Daniel Reid Topping
June 11, 1912
|Died||May 18, 1974 (aged 61)|
|Resting place||Woodlawn Cemetery (Bronx, New York)|
|Alma mater||Hun School of Princeton, University of Pennsylvania|
(m. 1932; div. 1935)
(m. 1937; div. 1940)
(m. 1940; div. 1946)
(m. 1946; div. 1952)
(m. 1954; div. 1958)
|Children||9, including Dan Topping Jr.|
|Awards||10× World Series champions:|
Daniel Reid Topping (June 11, 1912 – May 18, 1974) was a part owner and president of the New York Yankees baseball team from 1945 to 1964. During Topping's tenure as chief executive of the Yankees, the team won 14 American League pennants and ten World Series championships.
Topping was born on June 11, 1912, in Greenwich, Connecticut, to Rhea (Reid) and Henry Junkins Topping. Henry Junkins Topping was the son of John A. Topping, an industrialist and president of Republic Iron and Steel. His mother Rhea was the daughter of Daniel G. Reid, who was known as the "Tinplate King" for his vast wealth in the tin industry. Daniel Topping inherited a portion of both fortunes. Topping had two brothers: Henry J. Topping (1914–1968), and John Reid Topping (1921-1969).
Topping attended the Hun School and the University of Pennsylvania, and excelled in multiple sports. He was an excellent golfer, qualifying for the United States Amateur Championships three times. He worked in banking for a few years, opened and closed a small advertising agency, then purchased a partial interest in the Brooklyn Dodgers of the National Football League in 1931. He became the majority owner of the club and improved the team, but the onset of World War II caused several players to join the military. Topping himself joined the Marines and served in the Pacific Theater for the majority of his tenure in the Corps. He left the Marine Corps as a major and later became a colonel in the Ready Reserve.
During the war, while serving in California, Topping ran into Larry MacPhail. MacPhail, then the president of the Brooklyn Dodgers baseball team, and Topping were acquainted because both Dodgers athletic teams played at Ebbets Field. In California, MacPhail told Topping of his interest in purchasing the New York Yankees. MacPhail invited Topping to join the syndicate attempting to purchase the team from the estate of Jacob Ruppert. Along with Del Webb, the group purchased a 96.88% interest in the Yankees for $2.8 million in January 1945. In March, they bought the remaining 3.12%, giving them complete control of the team. MacPhail was named team president, while Topping and Webb were named vice presidents.
As a new Yankee owner, Topping wanted to move the Dodgers football team into Yankee Stadium. Tim Mara, owner of the New York Giants, who played in the Polo Grounds, held NFL territorial rights, and refused to permit this. During 1945, Topping's Brooklyn Tigers were merged with the Boston Yanks and the amalgam split its home games between Boston and Brooklyn as "The Yanks". Topping moved his team to Yankee Stadium anyway, joining the newly formed All-America Football Conference. Topping's team retained none of his players during the jump, in that the NFL ruled that the Yanks players remained under contract with Boston, but he was able to sign some of his former Brooklyn Dodger players to the football New York Yankees. The team was not one of the AAFC teams admitted to the NFL in 1950, and folded, with most of Topping's players going to Ted Collins's New York Yanks.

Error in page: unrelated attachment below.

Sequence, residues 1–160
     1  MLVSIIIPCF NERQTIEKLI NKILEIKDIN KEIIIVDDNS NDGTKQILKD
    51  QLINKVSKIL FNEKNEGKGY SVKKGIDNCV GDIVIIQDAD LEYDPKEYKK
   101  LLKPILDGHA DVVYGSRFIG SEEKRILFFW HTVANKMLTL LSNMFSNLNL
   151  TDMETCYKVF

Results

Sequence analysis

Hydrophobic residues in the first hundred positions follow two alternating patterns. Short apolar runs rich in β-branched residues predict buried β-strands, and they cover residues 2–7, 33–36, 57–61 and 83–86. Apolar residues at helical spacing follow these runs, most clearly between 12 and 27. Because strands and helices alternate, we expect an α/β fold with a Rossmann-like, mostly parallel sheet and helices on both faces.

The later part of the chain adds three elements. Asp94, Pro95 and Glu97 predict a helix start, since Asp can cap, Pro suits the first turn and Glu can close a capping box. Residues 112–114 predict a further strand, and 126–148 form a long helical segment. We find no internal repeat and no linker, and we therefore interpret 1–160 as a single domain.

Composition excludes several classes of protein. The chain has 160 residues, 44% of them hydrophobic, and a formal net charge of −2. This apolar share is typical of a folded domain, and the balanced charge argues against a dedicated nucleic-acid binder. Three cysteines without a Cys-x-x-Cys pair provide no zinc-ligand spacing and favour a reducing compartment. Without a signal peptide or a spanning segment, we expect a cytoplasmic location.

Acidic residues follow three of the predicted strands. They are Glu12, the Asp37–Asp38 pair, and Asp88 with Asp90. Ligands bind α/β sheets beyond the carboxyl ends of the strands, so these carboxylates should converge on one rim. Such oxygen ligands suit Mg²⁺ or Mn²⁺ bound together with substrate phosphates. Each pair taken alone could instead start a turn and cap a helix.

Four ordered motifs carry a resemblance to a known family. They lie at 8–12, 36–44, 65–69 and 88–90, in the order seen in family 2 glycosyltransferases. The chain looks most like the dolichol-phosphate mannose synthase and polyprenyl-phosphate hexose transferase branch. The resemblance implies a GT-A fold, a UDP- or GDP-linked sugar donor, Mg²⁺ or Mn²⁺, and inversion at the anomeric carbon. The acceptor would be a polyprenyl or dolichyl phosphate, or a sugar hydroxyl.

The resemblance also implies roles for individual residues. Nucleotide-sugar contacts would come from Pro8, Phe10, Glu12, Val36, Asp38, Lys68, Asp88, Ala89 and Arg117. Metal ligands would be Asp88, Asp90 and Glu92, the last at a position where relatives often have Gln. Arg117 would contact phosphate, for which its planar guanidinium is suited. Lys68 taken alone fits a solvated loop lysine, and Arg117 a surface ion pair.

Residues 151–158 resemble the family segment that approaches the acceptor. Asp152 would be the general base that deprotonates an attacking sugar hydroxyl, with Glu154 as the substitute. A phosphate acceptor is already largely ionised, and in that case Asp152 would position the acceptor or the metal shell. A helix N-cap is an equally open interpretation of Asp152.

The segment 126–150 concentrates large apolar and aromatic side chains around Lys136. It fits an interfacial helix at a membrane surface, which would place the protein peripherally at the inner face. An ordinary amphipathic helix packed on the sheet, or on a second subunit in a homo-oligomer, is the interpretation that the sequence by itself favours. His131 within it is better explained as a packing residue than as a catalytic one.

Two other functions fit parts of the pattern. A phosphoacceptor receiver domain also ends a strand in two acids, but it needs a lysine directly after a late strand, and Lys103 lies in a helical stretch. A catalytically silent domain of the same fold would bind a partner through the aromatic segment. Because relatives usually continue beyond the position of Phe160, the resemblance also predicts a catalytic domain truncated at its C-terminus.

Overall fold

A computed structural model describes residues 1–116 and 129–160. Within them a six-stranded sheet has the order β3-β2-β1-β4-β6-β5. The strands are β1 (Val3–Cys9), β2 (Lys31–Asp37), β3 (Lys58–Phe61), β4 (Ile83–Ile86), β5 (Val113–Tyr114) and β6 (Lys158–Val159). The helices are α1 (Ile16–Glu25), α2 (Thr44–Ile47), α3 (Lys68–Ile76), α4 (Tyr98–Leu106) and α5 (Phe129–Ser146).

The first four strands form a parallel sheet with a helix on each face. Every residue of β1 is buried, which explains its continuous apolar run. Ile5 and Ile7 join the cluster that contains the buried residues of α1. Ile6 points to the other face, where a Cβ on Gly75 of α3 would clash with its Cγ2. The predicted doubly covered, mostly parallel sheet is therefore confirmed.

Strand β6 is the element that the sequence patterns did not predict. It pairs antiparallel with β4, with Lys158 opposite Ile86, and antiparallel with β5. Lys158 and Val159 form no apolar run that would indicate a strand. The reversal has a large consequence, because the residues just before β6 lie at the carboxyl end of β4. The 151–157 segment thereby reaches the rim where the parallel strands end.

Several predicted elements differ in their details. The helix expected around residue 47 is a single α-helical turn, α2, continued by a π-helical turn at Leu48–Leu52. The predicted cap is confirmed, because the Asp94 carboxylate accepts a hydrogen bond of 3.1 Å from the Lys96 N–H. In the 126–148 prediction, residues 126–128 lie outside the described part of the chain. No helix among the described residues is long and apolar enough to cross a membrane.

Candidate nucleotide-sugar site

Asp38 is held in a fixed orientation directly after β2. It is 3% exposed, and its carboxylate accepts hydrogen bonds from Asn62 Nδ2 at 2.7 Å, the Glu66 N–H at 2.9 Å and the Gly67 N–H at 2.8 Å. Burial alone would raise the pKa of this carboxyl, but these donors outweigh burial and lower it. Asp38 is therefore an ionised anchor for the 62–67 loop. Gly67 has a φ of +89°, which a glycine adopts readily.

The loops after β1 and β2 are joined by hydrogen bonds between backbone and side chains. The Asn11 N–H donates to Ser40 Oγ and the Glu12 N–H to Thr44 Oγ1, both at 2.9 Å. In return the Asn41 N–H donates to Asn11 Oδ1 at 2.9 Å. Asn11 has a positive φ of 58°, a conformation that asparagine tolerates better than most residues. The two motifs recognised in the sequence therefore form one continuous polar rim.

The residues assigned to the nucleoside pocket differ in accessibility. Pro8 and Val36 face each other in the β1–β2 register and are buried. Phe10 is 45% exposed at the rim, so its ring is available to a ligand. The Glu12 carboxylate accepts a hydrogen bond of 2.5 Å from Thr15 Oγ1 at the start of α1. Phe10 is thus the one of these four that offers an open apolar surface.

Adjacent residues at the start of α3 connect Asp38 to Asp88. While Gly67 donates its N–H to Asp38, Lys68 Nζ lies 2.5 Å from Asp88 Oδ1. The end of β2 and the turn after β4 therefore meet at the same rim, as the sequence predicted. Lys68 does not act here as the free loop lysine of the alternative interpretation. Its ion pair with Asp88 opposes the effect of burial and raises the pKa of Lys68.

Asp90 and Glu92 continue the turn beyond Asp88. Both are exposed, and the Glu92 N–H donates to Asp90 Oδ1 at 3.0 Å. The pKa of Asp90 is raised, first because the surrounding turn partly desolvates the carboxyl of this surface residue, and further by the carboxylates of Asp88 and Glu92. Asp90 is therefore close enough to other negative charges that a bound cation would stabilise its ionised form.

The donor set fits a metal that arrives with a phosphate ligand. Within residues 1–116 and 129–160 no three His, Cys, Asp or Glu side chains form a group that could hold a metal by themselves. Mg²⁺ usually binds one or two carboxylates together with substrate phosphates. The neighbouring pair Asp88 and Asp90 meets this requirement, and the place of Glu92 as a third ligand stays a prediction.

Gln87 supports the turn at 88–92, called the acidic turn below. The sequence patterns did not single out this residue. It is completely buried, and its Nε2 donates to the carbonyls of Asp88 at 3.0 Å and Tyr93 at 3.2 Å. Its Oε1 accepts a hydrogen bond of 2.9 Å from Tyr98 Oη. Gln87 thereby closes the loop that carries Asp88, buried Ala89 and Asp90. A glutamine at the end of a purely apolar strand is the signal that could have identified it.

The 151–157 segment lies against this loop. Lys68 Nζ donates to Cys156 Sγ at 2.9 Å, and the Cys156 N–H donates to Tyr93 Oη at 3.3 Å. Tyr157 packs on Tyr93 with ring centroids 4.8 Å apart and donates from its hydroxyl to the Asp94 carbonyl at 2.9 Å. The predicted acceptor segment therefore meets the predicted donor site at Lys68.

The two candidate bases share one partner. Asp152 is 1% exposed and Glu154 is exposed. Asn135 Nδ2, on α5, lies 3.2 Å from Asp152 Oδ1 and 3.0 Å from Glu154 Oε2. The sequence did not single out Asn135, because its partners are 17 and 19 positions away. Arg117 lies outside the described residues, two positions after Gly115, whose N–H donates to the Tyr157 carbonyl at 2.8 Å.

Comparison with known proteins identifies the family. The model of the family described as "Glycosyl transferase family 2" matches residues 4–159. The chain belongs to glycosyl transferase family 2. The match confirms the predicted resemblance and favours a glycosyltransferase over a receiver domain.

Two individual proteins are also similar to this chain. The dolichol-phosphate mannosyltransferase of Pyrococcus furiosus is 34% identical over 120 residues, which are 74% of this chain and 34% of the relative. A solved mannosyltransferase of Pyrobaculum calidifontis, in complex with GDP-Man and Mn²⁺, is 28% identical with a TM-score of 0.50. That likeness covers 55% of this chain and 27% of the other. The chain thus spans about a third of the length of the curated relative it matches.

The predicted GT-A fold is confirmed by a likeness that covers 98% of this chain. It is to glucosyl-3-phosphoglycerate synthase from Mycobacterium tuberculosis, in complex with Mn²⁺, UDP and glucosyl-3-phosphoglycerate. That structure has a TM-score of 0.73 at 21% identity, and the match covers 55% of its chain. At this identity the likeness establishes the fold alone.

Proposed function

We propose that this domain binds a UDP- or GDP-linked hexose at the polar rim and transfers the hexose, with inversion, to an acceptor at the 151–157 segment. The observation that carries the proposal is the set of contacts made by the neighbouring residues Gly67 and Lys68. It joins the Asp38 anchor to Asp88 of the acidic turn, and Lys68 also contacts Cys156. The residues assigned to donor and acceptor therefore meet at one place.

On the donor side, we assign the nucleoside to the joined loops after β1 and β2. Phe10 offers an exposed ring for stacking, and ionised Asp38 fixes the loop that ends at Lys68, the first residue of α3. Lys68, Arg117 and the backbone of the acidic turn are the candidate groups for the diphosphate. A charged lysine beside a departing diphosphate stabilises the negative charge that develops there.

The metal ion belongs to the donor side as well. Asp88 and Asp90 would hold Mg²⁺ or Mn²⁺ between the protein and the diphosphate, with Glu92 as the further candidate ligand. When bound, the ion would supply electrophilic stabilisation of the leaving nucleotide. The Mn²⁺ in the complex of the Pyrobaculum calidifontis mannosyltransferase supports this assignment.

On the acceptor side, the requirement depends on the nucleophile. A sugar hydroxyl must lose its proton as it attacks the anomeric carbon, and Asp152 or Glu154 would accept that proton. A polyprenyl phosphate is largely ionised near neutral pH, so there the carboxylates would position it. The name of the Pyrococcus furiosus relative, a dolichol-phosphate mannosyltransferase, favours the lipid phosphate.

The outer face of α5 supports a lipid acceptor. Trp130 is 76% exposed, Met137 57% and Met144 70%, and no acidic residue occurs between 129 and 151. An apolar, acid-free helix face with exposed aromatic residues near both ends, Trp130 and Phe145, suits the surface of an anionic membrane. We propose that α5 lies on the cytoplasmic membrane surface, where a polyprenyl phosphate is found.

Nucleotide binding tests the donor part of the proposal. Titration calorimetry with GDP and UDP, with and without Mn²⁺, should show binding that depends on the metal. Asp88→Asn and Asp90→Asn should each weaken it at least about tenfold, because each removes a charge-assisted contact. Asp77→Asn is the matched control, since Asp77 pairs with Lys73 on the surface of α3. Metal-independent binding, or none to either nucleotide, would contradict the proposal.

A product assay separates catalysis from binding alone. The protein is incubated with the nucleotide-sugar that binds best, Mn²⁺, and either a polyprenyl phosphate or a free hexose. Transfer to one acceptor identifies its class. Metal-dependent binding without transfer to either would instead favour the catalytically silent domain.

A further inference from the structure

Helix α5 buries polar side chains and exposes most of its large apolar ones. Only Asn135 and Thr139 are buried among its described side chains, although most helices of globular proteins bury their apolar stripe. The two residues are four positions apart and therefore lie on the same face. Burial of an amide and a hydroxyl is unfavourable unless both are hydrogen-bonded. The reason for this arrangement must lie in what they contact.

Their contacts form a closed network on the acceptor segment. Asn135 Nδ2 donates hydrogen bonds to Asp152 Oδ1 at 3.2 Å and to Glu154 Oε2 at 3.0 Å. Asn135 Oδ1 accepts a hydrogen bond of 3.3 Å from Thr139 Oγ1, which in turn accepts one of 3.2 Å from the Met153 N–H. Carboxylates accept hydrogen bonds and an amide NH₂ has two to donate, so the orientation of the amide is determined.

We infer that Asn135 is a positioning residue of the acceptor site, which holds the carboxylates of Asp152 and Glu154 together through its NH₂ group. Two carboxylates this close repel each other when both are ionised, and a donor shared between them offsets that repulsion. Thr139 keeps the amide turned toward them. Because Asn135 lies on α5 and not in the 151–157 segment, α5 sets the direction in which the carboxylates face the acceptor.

MacPhail became increasingly erratic and manical. After a drunken episode at the Biltmore at a Yankees 1947 World Series celebration dinner, MacPhail sold his share of the team to Topping and Webb for $2 million. Topping and Webb became co-owners of the Yankees, each with a 50% share. Webb became active in American League affairs, while Topping directed team operations.
The two sold a 80% interest in the team to CBS in 1964 for $11.2 million. Webb and Topping each retained a ten percent share of the club. Webb sold his interest in 1965. Topping remained as team president until 1966, when he sold his remaining stake in the Yankees.
Topping was married six times, five of which ended in divorce. He married heiress Theodora Boettger in 1932. They were divorced in 1935. His second marriage was to actress Arline Judge in 1937. They divorced in 1940, and Judge went on to marry his brother Henry. Dan Topping was then married to three-time Olympic figure skating gold medalist Sonja Henie from 1940 to 1946. His fourth marriage was to actress Kay Sutton in 1946. From 1954 to 1958, Topping was married to Manhattan model Alice Lowthers. His final marriage was to Charlotte Lillard, which lasted from 1957 until his death.
Topping fathered nine children, including Dan Topping Jr.
He died of complications from emphysema in Miami Beach, Florida, on May 18, 1974, at age 61. He is buried in Woodlawn Cemetery in The Bronx, New York.